Alternative link in the UK: ZendTo at Manchester Univ, use Claim ID: YRBRJV7MeW7DrKHx, Claim Passcode: jt34GaQPaDX2r488
    Warning: this file is ~1.7GB. (You can of course download to a USB stick to save space on your laptop).
  4. Open the downloaded OVA file (double-click or whatever is appropriate for your system). This should start VirtualBox with the "Import" dialog box.
  5. Change settings of the virtual machine (you can still change this afterwards by using the Settings menu of VirtualBox). The only things that need your attention:
    1. CPU: use the same number of CPUs (i.e. cores) as your laptop (or 1 less)
    2. RAM: use about half the RAM of your laptop (assigning too much RAM will slow down your laptop dramatically, using not enough will slow down the virtual machine. 1.5GB seems to be enough though.)
    3. Virtual Disk Image: normally this filename is fine but you can save it somewhere else if you like
  6. Tick the box "Reinitialise the MAC address of all network cards"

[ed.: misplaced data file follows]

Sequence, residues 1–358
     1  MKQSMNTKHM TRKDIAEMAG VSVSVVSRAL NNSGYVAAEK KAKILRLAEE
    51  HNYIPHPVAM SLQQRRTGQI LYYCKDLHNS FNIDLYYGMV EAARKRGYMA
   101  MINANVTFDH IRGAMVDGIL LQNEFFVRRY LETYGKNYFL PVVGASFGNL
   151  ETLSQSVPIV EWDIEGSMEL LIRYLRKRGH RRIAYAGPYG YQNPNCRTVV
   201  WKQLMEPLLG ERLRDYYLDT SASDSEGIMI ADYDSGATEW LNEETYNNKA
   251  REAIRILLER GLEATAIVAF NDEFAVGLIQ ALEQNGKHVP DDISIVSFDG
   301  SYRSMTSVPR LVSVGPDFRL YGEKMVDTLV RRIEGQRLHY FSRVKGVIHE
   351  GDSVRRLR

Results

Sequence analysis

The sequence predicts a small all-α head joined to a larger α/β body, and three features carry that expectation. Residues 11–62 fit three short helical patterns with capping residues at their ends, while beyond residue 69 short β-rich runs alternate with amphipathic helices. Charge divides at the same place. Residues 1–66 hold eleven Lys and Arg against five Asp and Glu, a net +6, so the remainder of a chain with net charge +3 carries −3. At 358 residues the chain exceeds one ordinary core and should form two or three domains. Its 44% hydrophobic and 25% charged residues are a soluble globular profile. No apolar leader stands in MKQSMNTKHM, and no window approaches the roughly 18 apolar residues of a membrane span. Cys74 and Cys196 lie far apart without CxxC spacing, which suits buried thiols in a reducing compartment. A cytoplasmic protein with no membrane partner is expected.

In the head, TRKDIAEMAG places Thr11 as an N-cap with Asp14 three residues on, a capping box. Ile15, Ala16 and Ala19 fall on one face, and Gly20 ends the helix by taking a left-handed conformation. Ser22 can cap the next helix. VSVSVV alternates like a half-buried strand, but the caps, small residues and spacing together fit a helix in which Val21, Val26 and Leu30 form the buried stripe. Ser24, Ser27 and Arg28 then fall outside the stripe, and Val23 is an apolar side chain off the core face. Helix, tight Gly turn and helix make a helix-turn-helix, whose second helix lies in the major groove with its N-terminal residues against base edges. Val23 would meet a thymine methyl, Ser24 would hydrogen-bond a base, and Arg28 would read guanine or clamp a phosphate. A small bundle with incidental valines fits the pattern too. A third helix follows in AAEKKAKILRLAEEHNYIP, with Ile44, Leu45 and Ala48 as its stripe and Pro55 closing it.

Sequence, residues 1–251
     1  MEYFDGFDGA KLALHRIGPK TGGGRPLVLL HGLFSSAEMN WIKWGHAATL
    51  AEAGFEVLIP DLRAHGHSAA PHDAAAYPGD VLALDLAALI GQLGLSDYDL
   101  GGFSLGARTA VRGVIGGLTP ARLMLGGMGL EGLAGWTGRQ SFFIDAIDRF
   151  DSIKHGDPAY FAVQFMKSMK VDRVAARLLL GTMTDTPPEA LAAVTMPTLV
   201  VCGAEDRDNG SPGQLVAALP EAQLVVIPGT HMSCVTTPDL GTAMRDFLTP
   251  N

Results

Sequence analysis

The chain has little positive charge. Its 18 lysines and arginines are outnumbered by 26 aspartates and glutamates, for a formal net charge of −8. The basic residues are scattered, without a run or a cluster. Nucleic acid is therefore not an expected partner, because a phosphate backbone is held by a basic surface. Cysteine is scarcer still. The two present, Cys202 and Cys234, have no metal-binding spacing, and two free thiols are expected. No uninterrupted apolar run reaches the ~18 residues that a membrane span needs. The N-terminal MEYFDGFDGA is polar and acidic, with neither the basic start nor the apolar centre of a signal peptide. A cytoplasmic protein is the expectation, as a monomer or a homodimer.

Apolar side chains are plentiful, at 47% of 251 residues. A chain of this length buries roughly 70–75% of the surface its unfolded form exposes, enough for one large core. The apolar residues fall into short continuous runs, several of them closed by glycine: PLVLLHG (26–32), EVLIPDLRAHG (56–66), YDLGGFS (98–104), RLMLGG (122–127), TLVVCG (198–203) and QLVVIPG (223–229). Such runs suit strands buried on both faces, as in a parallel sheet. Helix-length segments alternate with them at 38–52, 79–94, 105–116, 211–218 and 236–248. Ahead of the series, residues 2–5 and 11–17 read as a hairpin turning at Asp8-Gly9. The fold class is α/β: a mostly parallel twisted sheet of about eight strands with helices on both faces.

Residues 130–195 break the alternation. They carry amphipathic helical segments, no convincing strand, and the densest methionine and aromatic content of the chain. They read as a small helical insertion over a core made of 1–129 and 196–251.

7. Press Import and wait for a few minutes (everything will be decompressed etc).
  8. In the VirtualBox window, select your new VM and press the Settings icon. In the "General" category, "Advanced" tab, check that "Shared Clipboard" is set to "bidirectional". You can try the "Drag and drop" feature to copy files across (but it did not work for KT).

Updating the virtual machine

Now you can start your virtual machine. If it fails to start with an error like "virtualbox vt-x is disabled in the bios", check here.

If you see a dialog box about "starting in scaled mode", you can press OK to allow VirtualBox to scale the display larger or smaller, or you can press Cancel and start the machine again without scaling. (See the Virtualbox site for some info on the Host-Key etc).

  1. You should get a window where Lubuntu will be starting (might take a few minutes). Wait until you see the log-in prompt.
  2. Log in as user "stir" with password "virtual" (please note that if you have an Azerty-type keyboard, you will have to type "virtuql" until you change your Lubuntu keyboard settings). You should get the Lubuntu desktop.
  3. Adjust your Ubuntu settings:
    1. The keyboard type is set to English-UK. If this is not ok
      1. Right-click on the bottom bar of the desktop;